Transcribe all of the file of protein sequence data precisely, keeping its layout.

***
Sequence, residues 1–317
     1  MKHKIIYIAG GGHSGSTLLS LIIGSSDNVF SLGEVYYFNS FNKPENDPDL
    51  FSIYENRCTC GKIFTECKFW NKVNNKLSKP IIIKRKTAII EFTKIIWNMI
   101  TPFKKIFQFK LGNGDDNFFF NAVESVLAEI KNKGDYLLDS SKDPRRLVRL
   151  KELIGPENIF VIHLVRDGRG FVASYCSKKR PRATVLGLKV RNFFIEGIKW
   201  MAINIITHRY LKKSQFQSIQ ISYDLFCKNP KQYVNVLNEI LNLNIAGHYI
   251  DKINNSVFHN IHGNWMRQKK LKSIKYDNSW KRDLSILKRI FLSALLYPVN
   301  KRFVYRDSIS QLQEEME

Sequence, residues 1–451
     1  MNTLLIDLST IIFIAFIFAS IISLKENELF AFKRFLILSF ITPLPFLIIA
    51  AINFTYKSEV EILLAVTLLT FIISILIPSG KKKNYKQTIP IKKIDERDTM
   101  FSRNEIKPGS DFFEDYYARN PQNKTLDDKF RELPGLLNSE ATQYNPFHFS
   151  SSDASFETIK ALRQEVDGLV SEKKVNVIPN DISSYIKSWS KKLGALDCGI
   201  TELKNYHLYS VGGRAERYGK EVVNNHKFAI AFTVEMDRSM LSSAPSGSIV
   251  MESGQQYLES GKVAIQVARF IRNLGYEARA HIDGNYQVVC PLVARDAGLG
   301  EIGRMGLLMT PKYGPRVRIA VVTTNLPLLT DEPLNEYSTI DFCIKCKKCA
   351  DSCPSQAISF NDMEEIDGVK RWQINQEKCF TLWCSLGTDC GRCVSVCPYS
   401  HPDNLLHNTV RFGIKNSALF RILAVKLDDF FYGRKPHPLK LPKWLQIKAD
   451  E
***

Sequence, residues 1–317
     1  MKHKIIYIAG GGHSGSTLLS LIIGSSDNVF SLGEVYYFNS FNKPENDPDL
    51  FSIYENRCTC GKIFTECKFW NKVNNKLSKP IIIKRKTAII EFTKIIWNMI
   101  TPFKKIFQFK LGNGDDNFFF NAVESVLAEI KNKGDYLLDS SKDPRRLVRL
   151  KELIGPENIF VIHLVRDGRG FVASYCSKKR PRATVLGLKV RNFFIEGIKW
   201  MAINIITHRY LKKSQFQSIQ ISYDLFCKNP KQYVNVLNEI LNLNIAGHYI
   251  DKINNSVFHN IHGNWMRQKK LKSIKYDNSW KRDLSILKRI FLSALLYPVN
   301  KRFVYRDSIS QLQEEME

Sequence, residues 1–451
     1  MNTLLIDLST IIFIAFIFAS IISLKENELF AFKRFLILSF ITPLPFLIIA
    51  AINFTYKSEV EILLAVTLLT FIISILIPSG KKKNYKQTIP IKKIDERDTM
   101  FSRNEIKPGS DFFEDYYARN PQNKTLDDKF RELPGLLNSE ATQYNPFHFS
   151  SSDASFETIK ALRQEVDGLV SEKKVNVIPN DISSYIKSWS KKLGALDCGI
   201  TELKNYHLYS VGGRAERYGK EVVNNHKFAI AFTVEMDRSM LSSAPSGSIV
   251  MESGQQYLES GKVAIQVARF IRNLGYEARA HIDGNYQVVC PLVARDAGLG
   301  EIGRMGLLMT PKYGPRVRIA VVTTNLPLLT DEPLNEYSTI DFCIKCKKCA
   351  DSCPSQAISF NDMEEIDGVK RWQINQEKCF TLWCSLGTDC GRCVSVCPYS
   401  HPDNLLHNTV RFGIKNSALF RILAVKLDDF FYGRKPHPLK LPKWLQIKAD
   451  E